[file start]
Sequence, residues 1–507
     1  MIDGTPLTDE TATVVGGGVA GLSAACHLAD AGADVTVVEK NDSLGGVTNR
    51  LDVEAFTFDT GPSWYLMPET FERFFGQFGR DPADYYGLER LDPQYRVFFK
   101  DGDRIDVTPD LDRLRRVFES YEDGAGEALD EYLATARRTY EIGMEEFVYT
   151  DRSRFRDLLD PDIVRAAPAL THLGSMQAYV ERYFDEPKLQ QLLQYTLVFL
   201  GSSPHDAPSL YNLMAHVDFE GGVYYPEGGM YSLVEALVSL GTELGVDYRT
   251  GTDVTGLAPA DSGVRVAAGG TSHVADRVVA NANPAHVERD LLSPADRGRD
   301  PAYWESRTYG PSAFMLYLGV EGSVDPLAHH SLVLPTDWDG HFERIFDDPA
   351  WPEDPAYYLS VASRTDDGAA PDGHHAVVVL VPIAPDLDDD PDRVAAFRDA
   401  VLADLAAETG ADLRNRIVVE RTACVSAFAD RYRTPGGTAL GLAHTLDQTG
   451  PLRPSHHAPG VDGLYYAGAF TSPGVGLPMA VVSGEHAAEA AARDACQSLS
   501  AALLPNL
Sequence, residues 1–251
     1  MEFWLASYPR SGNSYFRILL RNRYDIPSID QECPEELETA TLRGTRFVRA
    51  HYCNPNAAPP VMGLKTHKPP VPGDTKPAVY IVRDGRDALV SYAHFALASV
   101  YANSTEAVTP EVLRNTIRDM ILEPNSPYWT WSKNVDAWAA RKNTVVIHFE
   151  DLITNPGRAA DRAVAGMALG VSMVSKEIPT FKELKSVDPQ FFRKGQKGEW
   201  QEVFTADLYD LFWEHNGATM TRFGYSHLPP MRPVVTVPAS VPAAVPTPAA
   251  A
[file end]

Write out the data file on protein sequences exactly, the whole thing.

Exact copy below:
Sequence, residues 1–507
     1  MIDGTPLTDE TATVVGGGVA GLSAACHLAD AGADVTVVEK NDSLGGVTNR
    51  LDVEAFTFDT GPSWYLMPET FERFFGQFGR DPADYYGLER LDPQYRVFFK
   101  DGDRIDVTPD LDRLRRVFES YEDGAGEALD EYLATARRTY EIGMEEFVYT
   151  DRSRFRDLLD PDIVRAAPAL THLGSMQAYV ERYFDEPKLQ QLLQYTLVFL
   201  GSSPHDAPSL YNLMAHVDFE GGVYYPEGGM YSLVEALVSL GTELGVDYRT
   251  GTDVTGLAPA DSGVRVAAGG TSHVADRVVA NANPAHVERD LLSPADRGRD
   301  PAYWESRTYG PSAFMLYLGV EGSVDPLAHH SLVLPTDWDG HFERIFDDPA
   351  WPEDPAYYLS VASRTDDGAA PDGHHAVVVL VPIAPDLDDD PDRVAAFRDA
   401  VLADLAAETG ADLRNRIVVE RTACVSAFAD RYRTPGGTAL GLAHTLDQTG
   451  PLRPSHHAPG VDGLYYAGAF TSPGVGLPMA VVSGEHAAEA AARDACQSLS
   501  AALLPNL
Sequence, residues 1–251
     1  MEFWLASYPR SGNSYFRILL RNRYDIPSID QECPEELETA TLRGTRFVRA
    51  HYCNPNAAPP VMGLKTHKPP VPGDTKPAVY IVRDGRDALV SYAHFALASV
   101  YANSTEAVTP EVLRNTIRDM ILEPNSPYWT WSKNVDAWAA RKNTVVIHFE
   151  DLITNPGRAA DRAVAGMALG VSMVSKEIPT FKELKSVDPQ FFRKGQKGEW
   201  QEVFTADLYD LFWEHNGATM TRFGYSHLPP MRPVVTVPAS VPAAVPTPAA
   251  A